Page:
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    Small update. When it errors, I updated the python code to now print how far it got before it ran out of data with the new line
    Code:
    raise Exception('Error, got only {} bytes, but expecting {}, received {} of {} bytes total'.format(len(packet),packetSize*2,received,wordsToGet))
    and I noticed that it always fails very close to the end of the transmission. I'll get something like
    Exception: Error, got only 1920 bytes, but expecting 2048, received 1396736 of 1400000 bytes total
    and if I double the amount of data, it'll get twice as far, and die right at the end
    Exception: Error, got only 1792 bytes, but expecting 2048, received 2798592 of 2800000 bytes total
    Maybe this points to the issue being a windows / python / pyserial issue, but maybe this helps somehow. Maye some terrible work-around is to send empty data at the end and ignore it. Also, this behavior holds with both versions of usb_serial.c

  6. #6
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    Another terrible fix is to add a delay when sending. This way I got it pretty reliable.
    But..as said.. terrible.

  7. #7
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    Interestingly, I did very similar tests in summer (sending from Teensy to Win10 PC) and ended up with exactly the same result as described by ardvark. I was using the standard C# serial classes. I first assumed some c# issue and switched to calling the win32 API directly (similar to what Frank did) but got exactly the same result.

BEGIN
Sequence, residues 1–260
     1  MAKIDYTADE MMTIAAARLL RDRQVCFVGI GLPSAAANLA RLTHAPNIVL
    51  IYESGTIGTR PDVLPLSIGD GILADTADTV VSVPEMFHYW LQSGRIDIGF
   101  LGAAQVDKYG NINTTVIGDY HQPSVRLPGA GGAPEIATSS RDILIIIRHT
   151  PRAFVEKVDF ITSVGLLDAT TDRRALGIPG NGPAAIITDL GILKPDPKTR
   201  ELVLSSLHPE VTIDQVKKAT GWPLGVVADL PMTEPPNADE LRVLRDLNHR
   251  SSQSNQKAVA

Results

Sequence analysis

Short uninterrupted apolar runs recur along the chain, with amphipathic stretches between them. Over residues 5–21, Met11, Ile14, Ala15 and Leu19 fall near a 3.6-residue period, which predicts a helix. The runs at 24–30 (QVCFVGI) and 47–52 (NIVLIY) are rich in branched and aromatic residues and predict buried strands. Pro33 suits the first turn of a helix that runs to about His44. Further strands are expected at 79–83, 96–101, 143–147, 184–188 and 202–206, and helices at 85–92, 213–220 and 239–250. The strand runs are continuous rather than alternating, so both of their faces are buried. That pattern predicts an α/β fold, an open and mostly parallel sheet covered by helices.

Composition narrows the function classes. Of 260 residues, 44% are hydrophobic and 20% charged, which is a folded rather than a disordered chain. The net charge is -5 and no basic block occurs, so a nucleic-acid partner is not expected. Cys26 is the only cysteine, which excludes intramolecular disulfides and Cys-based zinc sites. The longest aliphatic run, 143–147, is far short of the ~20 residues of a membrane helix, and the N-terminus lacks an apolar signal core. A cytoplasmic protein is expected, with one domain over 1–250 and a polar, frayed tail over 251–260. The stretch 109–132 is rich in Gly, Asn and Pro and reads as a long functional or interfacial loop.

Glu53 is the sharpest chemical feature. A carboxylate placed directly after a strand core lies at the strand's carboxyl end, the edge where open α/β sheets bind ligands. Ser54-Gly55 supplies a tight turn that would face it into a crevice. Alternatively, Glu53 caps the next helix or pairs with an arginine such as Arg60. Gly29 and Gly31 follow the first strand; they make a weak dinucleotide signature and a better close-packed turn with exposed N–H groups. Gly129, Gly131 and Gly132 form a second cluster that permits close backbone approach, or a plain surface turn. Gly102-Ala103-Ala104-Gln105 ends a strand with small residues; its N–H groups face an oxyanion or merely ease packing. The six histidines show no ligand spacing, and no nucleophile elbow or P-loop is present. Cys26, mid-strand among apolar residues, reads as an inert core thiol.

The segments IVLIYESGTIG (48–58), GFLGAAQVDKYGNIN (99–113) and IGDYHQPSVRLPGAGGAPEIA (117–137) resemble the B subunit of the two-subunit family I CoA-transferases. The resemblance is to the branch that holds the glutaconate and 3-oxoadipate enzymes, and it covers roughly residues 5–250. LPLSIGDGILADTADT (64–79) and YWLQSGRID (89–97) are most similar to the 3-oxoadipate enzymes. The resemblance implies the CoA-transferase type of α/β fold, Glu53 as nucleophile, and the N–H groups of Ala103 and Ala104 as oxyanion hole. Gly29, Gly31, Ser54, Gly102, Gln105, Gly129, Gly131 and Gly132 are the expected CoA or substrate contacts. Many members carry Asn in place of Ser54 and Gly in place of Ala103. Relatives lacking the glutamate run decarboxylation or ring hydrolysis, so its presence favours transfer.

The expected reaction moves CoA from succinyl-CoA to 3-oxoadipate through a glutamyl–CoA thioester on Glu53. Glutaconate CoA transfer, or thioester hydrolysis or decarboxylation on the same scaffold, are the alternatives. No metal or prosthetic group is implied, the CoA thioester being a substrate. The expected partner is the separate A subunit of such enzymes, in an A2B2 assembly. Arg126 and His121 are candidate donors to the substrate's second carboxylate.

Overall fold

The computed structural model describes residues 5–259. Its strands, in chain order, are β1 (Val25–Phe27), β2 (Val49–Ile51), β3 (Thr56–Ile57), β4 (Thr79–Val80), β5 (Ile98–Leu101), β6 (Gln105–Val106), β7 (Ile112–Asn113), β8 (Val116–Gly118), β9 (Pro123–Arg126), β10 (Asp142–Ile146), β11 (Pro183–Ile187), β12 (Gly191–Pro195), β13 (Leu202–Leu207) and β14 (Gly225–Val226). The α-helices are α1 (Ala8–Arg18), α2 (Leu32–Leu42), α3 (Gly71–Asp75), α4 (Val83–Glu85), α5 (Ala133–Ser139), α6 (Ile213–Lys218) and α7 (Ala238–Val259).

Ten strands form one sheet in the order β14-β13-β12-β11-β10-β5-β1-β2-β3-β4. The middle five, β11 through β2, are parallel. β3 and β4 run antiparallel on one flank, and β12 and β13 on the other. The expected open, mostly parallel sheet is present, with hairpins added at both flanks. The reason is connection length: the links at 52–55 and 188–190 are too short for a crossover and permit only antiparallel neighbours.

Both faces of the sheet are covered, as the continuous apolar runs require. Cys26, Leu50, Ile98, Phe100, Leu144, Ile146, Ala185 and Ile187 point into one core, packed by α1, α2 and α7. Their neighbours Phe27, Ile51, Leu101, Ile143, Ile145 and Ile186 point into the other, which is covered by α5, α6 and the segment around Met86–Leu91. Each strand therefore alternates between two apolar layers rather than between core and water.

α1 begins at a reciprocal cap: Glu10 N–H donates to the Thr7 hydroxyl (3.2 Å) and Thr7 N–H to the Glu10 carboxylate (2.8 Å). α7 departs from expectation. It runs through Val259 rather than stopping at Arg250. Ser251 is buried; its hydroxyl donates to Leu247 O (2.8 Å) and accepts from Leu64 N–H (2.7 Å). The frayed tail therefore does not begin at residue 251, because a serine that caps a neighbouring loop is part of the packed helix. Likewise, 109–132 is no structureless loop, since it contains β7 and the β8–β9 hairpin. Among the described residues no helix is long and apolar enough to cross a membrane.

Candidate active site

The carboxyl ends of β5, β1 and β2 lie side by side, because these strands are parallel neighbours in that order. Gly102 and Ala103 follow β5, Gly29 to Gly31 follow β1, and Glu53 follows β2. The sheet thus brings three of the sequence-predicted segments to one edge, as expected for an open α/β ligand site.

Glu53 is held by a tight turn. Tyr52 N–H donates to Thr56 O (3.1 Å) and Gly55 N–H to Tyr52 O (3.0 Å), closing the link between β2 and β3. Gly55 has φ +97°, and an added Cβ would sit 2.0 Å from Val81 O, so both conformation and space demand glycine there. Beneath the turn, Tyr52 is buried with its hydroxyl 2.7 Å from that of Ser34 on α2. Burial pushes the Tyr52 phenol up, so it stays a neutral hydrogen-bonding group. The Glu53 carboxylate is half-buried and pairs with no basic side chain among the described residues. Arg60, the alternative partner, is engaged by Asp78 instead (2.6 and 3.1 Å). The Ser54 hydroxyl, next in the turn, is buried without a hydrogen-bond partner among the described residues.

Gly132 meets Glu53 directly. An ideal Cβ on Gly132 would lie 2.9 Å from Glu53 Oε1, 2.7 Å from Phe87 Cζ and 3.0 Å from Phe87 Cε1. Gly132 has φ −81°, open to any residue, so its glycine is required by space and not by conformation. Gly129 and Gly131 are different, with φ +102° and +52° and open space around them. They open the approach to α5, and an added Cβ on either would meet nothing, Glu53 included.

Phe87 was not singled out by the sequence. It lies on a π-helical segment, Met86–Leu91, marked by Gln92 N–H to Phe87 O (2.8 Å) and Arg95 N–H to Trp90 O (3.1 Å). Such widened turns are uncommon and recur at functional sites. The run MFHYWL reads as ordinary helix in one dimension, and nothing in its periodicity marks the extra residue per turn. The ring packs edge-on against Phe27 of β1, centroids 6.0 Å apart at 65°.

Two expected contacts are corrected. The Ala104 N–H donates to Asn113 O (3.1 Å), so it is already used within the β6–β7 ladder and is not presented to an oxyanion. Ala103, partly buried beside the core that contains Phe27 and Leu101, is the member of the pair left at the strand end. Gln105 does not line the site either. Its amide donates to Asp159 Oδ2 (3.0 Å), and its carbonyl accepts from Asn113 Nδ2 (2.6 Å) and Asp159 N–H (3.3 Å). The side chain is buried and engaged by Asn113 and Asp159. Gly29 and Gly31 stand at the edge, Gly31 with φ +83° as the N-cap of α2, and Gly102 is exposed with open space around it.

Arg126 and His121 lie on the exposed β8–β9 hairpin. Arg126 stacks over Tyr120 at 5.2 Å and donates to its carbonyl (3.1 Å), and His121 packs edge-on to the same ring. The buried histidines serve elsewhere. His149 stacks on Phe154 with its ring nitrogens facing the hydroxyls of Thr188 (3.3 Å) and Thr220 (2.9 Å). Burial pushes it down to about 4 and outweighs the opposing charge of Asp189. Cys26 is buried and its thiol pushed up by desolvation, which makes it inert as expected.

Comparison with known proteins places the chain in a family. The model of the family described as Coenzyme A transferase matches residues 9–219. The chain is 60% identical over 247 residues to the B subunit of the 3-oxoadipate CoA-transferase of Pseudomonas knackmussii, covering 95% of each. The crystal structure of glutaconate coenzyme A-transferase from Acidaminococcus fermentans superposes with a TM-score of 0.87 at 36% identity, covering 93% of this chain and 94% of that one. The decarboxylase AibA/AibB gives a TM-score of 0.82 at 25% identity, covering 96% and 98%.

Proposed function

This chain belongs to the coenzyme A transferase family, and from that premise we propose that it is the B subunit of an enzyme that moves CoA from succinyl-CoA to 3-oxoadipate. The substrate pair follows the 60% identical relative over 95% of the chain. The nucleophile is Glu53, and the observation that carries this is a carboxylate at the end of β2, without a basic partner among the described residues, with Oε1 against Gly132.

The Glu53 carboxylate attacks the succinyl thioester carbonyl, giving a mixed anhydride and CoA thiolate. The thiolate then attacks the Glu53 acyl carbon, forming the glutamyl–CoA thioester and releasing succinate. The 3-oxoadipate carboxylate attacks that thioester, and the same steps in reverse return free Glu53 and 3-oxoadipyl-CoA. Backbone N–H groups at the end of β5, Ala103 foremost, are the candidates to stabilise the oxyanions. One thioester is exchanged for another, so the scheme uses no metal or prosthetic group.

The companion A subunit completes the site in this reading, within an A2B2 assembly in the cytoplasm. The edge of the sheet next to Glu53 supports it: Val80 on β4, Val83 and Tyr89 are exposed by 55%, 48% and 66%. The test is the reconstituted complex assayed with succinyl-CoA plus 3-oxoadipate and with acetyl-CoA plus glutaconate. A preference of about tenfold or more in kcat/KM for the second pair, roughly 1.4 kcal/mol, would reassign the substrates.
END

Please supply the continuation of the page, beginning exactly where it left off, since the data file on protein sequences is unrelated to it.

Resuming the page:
As ardvark, I was also able to track the issue down to the the missing blocks at the end of large (>100kB) blocks transmitted by Serial.write(). Regardless of the block size, data was never missing within one block, always at the end and (IIRC) always in multiples of 256 bytes. The receiving Win32 code then ran into a timeout since the missing data never arrived. Placing delays between writing the 100kB blocks fixed the issue as soon as the resulting overall transmission rate was smaller than some 12-13 MByte/second.

    I'm not yet convinced that this is a Windows issue. Unfortunately I don't have an USB analyzer but shouldn't it be easy to find out if the missing bytes actually left the Teensy? Serial.write() reports the correct number of bytes sent but AFIAK this only reports the number of bytes written into the Teensy buffers not the bytes actually transmitted, right?

    Does anybody know of another Arduino board using USB CDC at 480MBit/s? Would be interesting to see if this generates the same issues.

  8. #8
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    I updated my python script to report how fast the data transfer is and what data points are bad. I ran this script on a Linux machine for different transfer sizes, and I get the following results (no data corruption):